There are smartphone apps for banking, apps for real estate and apps for shopping. There are apps for managing your health insurance benefits, too, but not every health plan has one.
"It's amazing that an industry as big and important as health care is so behind in terms of creating digital and mobile solutions for consumers," says JP Pressley, a Walnut Creek, Calif., independent benefits consultant who works with midsized employers. "People absolutely want mobile apps that allow them to manage their health care, but right now, most of the major carriers aren't offering them."
So far, insurance companies including Blue Cross and Blue Shield and Aetna have begun offering apps that allow members to connect with health care providers as well as the insurer. If the fall open-enrollment season for health insurance finds you shopping around, you may want to consider the availability of apps as you compare plans.
But Pressley notes that the most robust mobile tools aren't coming from the insurance companies. They're coming from third-party vendors that create apps for employers to offer to their workers. So that means access to a mobile health care application often depends more on your company than your health insurer.
If you work for a business that has a health benefits app -- or if your insurer does have its own app -- you should absolutely use it, says Don Sanford, a principal at Buck Consultants, a St. Louis human resources consulting firm that makes customized health benefits apps for companies.
"These apps can simplify how consumers use health care and make it more convenient," says Sanford, whose firm also offers a health care app directly to consumers, called Benefits Genie. "They can also help consumers make smarter decisions about how they spend their benefits."
What can you do with a health care app?
While each health care app is different, most offer a similar suite of tools. With their phones, consumers can:
- File claims.
- Check copays and deductibles.
- Manage a health savings account.
- Find doctors and schedule appointments.
- See lab results.
- Compare prices on drugs and medical services.
- Get wellness tips.
- Get routine medical advice and check symptoms for common ailments.
As with any smartphone app, updates and new features are rolled out all the time.
For example, says Aetna health insurance spokesman Ethan Slavin, one of the newest features of the Aetna Mobile app is the Urgent Care Finder, providing turn-by-turn directions to the nearest emergency room.
While new bells and whistles are welcome, Sanford says what's most important is that an app centralizes all of your health care information in one place.
"If you don't have all of your data accessible at a single point when you need it, you lose a lot of the convenience that these apps are supposed to offer," says Sanford. "So, for instance, if you have an HSA (health savings account), the app needs to integrate that information for it to be truly useful."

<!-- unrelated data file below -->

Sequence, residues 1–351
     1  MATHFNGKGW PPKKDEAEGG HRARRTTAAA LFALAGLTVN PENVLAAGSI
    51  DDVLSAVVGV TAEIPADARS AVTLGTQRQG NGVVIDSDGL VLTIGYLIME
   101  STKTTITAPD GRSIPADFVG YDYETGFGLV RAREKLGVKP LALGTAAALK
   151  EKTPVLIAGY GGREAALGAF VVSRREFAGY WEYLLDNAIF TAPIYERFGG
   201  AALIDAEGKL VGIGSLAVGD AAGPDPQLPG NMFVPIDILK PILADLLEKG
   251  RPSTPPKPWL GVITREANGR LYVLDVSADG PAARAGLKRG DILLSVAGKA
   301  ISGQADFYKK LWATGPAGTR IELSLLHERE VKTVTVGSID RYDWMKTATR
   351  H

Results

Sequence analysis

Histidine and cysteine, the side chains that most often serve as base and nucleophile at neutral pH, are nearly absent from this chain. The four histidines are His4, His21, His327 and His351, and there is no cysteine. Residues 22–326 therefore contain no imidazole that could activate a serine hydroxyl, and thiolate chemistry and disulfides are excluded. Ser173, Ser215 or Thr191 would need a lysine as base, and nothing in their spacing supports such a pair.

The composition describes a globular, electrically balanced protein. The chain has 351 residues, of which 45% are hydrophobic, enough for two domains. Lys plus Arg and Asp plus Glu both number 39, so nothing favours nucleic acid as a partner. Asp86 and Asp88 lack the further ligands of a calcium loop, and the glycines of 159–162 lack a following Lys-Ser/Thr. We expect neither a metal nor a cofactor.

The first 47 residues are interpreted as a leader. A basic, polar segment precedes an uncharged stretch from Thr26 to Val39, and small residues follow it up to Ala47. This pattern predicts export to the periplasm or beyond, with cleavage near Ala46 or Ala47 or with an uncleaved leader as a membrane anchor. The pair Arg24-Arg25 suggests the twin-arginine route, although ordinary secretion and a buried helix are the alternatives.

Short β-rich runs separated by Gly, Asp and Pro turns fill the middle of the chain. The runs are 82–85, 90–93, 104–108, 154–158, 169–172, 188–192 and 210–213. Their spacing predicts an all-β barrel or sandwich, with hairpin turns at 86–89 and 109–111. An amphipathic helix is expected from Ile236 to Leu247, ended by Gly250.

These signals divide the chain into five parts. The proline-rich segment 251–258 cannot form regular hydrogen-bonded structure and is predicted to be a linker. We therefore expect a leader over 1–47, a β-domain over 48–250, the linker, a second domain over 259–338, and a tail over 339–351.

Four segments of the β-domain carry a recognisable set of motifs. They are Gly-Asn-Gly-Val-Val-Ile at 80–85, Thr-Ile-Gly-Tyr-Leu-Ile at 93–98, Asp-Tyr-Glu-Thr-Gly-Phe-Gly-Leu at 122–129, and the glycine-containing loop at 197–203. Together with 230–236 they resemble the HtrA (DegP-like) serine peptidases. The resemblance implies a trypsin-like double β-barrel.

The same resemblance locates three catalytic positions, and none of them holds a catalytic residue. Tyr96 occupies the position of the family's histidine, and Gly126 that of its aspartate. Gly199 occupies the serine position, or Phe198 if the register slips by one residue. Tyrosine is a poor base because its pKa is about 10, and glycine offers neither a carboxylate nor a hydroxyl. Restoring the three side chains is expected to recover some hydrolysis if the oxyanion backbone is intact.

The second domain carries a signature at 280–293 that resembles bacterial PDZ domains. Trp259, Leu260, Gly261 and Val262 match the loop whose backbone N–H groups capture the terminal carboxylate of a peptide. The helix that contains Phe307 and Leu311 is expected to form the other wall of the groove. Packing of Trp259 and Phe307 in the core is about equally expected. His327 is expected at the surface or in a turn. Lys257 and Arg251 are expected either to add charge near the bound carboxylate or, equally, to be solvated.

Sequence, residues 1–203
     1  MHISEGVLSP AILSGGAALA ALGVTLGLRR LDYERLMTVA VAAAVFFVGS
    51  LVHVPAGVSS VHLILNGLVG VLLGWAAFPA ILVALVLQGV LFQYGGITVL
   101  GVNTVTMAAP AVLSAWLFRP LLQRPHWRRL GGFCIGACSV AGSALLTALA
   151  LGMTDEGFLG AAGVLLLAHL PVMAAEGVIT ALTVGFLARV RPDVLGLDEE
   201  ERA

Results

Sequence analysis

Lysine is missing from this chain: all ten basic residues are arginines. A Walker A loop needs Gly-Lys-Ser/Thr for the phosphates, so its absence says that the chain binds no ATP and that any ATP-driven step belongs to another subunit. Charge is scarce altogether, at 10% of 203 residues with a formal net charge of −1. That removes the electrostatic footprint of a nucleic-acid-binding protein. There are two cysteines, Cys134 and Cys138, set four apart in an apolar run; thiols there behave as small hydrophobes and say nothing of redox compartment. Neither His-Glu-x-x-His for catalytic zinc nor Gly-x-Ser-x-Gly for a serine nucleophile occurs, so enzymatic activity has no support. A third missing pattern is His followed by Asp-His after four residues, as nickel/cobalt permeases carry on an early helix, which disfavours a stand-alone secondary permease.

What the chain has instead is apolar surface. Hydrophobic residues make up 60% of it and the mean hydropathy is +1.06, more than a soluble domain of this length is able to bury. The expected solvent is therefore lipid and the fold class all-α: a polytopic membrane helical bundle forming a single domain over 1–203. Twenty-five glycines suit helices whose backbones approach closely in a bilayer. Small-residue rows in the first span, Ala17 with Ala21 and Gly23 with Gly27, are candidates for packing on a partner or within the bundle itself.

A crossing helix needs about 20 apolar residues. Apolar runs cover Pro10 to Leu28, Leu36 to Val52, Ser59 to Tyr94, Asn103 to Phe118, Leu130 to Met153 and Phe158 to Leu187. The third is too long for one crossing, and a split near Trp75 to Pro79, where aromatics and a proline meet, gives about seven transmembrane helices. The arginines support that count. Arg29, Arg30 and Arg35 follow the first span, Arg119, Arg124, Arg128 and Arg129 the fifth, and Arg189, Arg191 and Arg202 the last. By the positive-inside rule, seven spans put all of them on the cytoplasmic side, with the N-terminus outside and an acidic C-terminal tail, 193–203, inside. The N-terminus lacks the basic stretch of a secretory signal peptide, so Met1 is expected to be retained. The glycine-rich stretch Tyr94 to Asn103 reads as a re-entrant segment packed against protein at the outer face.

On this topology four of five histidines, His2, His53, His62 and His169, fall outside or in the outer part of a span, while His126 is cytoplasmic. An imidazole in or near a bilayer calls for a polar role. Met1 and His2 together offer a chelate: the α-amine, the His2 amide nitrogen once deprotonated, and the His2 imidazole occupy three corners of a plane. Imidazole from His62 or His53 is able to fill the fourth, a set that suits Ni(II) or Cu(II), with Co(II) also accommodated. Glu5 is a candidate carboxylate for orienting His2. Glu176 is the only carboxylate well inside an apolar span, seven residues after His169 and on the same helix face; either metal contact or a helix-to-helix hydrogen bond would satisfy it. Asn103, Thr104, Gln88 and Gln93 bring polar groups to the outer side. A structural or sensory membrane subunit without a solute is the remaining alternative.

Sharing and privacy are key issues
When you're talking about any app that includes personal information, it's critical to think about privacy, says Sanford. But health care apps present a unique challenge.
No one wants health information to fall into the wrong hands, so app-makers double up on the safeguards by using both password protection and secure servers. But sometimes, says Sanford, you want to be able to share medical information.
"The apps we build for clients include a networking feature that lets you give access to someone and then turn off that access when you want," says Sanford.
That kind of functionality is a boon for parents who might want to leave the baby sitter with more than just the name and number of the family doctor. Parents can allow the sitter's phone to have access to an app and all of its stored information and then rescind access when they return home.
The sharing feature also can be helpful for users who fall ill and want to designate a loved one to help manage their health care if they aren't able to.
When will more health plans have apps?
If your health insurance doesn't currently offer a health care app and your employer doesn't either, there's really no telling how long you'll have to wait to manage your health care from the palm of your hand, says Pressley.
The apps are catching on slowly, though many employers, especially midsized firms, have begun looking into them as way of saving money on health insurance, he says. Health care smartphone apps can, for example, help cut down on expensive out-of-network procedures because they can direct employees to in-network doctors, even during emergencies.
Adds Sanford: "The technology is there, and the demand is certainly there. The question is whether the health insurance provider or the employer is willing to take the next step."
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